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Book Description

Disorder and Public Concern Around Globalization examines the contrast between an idealized vision and a realistic view of globalization. Both are inscribed in the contemporary debate within political and economic theory. This opposition highlights the conditions under which wealth creation and equitable distribution can outweigh the mere diversion of value and deepening of inequalities.

This book shows how facts and ideas can explain the shape currently taken by globalization, the latest innovation of market economies. Still, the unpredictable path followed depends on the attitudes of entrepreneurs and capital holders who arbitrate between short- and long-term timescales, between value creation and rent collection: attitudes driven by the same organizations and institutions that shape markets, structure the social order and ensure the viability of the current transition.

Table of Contents

  1. Cover
  2. Introduction
  3. 1 The New Transition
    1. 1.1. The world of yesterday
    2. 1.2. Toward an economy of supply
    3. 1.3. Withdrawal of the State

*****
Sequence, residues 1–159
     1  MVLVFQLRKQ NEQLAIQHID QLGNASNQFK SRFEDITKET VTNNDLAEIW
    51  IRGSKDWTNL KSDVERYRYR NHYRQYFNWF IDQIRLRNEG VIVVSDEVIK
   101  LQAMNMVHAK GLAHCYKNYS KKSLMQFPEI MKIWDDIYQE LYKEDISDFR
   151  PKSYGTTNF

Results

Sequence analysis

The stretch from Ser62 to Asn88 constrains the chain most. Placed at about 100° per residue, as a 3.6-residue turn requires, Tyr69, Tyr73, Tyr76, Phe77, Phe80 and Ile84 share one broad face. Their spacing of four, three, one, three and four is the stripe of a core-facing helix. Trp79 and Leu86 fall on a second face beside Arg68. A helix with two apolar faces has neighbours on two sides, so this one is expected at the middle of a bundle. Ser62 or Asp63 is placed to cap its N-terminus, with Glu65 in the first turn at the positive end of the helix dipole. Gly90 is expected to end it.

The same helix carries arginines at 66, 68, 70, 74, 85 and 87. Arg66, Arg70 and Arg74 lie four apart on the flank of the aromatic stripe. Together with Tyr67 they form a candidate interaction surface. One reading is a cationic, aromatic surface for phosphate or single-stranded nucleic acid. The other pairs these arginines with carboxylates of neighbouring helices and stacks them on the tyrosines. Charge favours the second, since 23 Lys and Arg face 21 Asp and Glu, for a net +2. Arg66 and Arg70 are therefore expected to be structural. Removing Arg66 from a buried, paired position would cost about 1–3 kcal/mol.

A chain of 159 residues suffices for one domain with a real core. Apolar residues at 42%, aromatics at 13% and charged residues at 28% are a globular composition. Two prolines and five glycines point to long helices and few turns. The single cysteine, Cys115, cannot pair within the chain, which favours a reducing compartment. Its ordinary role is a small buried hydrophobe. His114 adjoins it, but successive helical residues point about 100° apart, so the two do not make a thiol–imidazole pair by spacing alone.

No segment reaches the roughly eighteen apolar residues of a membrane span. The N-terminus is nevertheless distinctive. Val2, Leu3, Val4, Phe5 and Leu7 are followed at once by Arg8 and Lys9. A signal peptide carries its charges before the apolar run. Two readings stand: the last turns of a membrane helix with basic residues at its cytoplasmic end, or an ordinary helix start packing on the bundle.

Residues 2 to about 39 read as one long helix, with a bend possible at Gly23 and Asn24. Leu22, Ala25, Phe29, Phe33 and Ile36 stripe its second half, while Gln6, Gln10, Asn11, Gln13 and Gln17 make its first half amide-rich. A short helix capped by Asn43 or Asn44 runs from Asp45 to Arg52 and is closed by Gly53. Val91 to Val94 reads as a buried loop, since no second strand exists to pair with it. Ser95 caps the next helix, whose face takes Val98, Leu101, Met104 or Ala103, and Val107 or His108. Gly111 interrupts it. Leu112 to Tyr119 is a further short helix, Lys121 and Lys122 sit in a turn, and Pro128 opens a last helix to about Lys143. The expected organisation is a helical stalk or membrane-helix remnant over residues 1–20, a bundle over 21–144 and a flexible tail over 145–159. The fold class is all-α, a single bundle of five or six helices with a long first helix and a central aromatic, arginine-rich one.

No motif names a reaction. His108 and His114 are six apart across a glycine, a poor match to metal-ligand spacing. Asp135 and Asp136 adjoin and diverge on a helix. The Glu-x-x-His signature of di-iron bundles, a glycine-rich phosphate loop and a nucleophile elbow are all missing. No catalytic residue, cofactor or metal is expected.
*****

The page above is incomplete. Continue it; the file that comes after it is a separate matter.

4. 1.4. Idealized globalization
    5. 1.5. Between dream and reality
    6. 1.6. Viability in question
  4. 2 The Constraints of Innovation
    1. 2.1. A truly industrial world
    2. 2.2. Roundabout production
    3. 2.3. A creative destruction process
    4. 2.4. Coordination requirement
    5. 2.5. Coordination power
    6. 2.6. The shortcomings of globalization
  5. 3 Entrepreneurs at the Crossroads
    1. 3.1. The entrepreneur out of time
    2. 3.2. The entrepreneur, master of time
    3. 3.3. Market connections
    4. 3.4. Competition revisited
    5. 3.5. Between value creation and diversion
    6. 3.6. Globalized entrepreneurship
  6. 4 The Time of Finance
    1. 4.1. Idealized financial markets
    2. 4.2. A contrasted reality
    3. 4.3. Capital and commitment
    4. 4.4. Corporate value
    5. 4.5. Influence of the funding structure
    6. 4.6. The risk of financial decommitment
  7. 5 The Return of Inequalities and Rents
    1. 5.1. The false argument of technology
    2. 5.2. A weakened growth potential
    3. 5.3. The perverse effect of household debt
    4. 5.4. Toward a rent-seekers economy
    5. 5.5. Social order in question
    6. 5.6. The new segmentation
  8. 6 The State in View of the Globalization Challenge
    1. 6.1. Free trade in question
    2. 6.2. The illusory promise of structural reforms
    3. 6.3. The obsession with competitiveness
    4. 6.4. The dilemma of borders
    5. 6.5. The temporal coherence of public action
    6. 6.6. The institutional challenge
  9. 7 Liberalism Revisited
    1. 7.1. Trust and regulation
    2. 7.2. Classical and bastardized liberalism
    3. 7.3. The State and the common good
    4. 7.4. Liberal democracy
    5. 7.5. The challenge of globalization
    6. 7.6. An open and equitable society
  10. Conclusion
  11. References
  12. Index
  13. End User License Agreement
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